The giraffe browses on the twigs of trees, preferring plants of the Mimosa genus; but it appears that it can, without inconvenience, live on other vegetable food. A giraffe can eat 140 lb of leaves and twigs daily. The pace of the giraffe is an amble, though when pursued they can run extremely fast. They cannot sustain a lengthened chase. Their leg length compels an unusual gait with the left legs moving together followed by right (similar to pacing) at low speed, and the back legs crossing outside the front at high speed.
The giraffe defends itself against threats by kicking with great force. A single well placed kick of an adult giraffe can shatter a lion’s skull or break its spine. The giraffe has one of the shortest sleep requirements of any mammal, which is between 20 minutes and two hours in a 24 hour period.
A giraffe will clean off any bugs that appear on their faces with an extremely long tongue (about 18 inches). The tongue is tough on account of the giraffe’s diet, which includes thorns from the tree it is making a meal of. In Southern Africa, giraffes are partial to all acacias — especially Acacia erioloba — and possess a specially adapted tongue and lips that appear to be immune to the vicious thorns.
Giraffes are thought to be mute. However, recent research has shown evidence that the animal communicates at an infrasound level.
THREATS TO GIRAFFES
Giraffes are threatened by hunting for their meat, coat and tails. The tail is prized for good luck bracelets, fly whisks and string for sewing beads. The coat is used for shield coverings. Habitat destruction and fragmentation are also threats to giraffe populations.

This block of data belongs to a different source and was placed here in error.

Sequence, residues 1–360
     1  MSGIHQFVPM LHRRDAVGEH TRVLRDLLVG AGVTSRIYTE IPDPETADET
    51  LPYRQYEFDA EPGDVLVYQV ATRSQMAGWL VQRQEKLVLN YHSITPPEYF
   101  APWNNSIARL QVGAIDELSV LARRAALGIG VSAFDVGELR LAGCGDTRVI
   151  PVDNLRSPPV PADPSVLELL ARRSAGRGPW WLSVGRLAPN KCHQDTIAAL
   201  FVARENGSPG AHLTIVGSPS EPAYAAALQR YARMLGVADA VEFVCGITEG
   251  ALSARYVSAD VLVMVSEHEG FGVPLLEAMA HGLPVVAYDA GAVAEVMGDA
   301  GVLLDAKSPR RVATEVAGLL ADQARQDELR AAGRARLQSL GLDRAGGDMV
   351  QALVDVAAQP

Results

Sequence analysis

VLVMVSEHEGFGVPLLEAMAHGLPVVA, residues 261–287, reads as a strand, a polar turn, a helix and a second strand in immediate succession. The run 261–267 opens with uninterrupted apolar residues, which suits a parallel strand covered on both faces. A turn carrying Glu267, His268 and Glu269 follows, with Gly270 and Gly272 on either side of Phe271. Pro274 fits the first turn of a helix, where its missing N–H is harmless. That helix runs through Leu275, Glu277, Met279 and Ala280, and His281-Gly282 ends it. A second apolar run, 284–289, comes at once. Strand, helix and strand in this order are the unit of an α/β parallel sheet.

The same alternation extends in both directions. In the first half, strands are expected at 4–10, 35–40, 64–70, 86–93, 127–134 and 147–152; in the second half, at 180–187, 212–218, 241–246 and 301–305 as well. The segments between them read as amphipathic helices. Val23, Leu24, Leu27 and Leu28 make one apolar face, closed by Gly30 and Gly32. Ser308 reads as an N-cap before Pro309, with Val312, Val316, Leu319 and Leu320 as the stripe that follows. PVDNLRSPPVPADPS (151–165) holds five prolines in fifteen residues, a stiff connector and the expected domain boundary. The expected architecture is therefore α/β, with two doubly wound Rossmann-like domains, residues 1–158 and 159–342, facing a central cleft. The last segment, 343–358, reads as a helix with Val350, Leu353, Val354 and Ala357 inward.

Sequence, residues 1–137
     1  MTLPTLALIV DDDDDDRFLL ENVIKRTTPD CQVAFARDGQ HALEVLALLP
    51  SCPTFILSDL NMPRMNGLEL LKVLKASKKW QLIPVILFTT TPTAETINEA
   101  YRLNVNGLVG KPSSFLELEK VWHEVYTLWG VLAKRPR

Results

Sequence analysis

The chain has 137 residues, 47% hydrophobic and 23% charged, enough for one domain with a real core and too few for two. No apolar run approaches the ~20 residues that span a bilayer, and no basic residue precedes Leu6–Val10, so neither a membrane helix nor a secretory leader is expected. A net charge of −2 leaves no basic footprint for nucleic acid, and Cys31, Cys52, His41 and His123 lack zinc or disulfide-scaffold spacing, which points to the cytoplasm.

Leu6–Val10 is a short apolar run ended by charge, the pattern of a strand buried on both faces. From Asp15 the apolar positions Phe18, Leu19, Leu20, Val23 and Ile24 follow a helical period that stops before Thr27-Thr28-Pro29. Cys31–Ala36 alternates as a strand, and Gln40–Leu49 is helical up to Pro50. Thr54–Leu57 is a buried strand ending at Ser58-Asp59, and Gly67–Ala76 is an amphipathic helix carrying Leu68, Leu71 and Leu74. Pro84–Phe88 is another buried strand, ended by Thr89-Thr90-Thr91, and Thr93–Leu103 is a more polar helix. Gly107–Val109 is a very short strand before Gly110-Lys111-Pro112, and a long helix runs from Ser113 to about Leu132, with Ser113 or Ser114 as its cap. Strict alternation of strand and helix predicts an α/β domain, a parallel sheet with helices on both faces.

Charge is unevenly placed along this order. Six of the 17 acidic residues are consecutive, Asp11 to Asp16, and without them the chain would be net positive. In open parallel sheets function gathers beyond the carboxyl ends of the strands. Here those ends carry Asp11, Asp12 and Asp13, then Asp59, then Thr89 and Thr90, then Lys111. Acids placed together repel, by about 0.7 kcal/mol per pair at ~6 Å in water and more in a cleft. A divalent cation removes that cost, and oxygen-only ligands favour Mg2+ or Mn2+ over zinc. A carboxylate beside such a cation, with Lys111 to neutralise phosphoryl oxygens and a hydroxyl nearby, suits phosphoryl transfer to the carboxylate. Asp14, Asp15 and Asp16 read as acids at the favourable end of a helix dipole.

Giraffes are also victims of captivity for human entertainment. Even under the best of circumstances, captivity is cruel for giraffes. Confined to tiny areas and gawked at by crowds, animals in exhibits endure constant stress. They may suffer from temperature extremes and irregular feeding and watering. Without exercise, they become listless, their immune systems are weakened, and they become prone to sickness; many resort to self-mutilation in reaction to stress or boredom. Mental illness is rampant among confined animals. Torn from their families and deprived of all dignity, every part of their lives is controlled by their captors.
While zoos and aquariums may appear to be educational and conservation-oriented, most are designed with the needs and desires of the visitors in mind, not the needs of the animals. Many animals in zoos and aquariums exhibit abnormal behavior as a result of being deprived of their natural environments and social structures. When the facility breeds too many animals they become “surplus” and often are sold to laboratories, traveling shows, shooting ranches, or to private individuals who may be unqualified to care for them.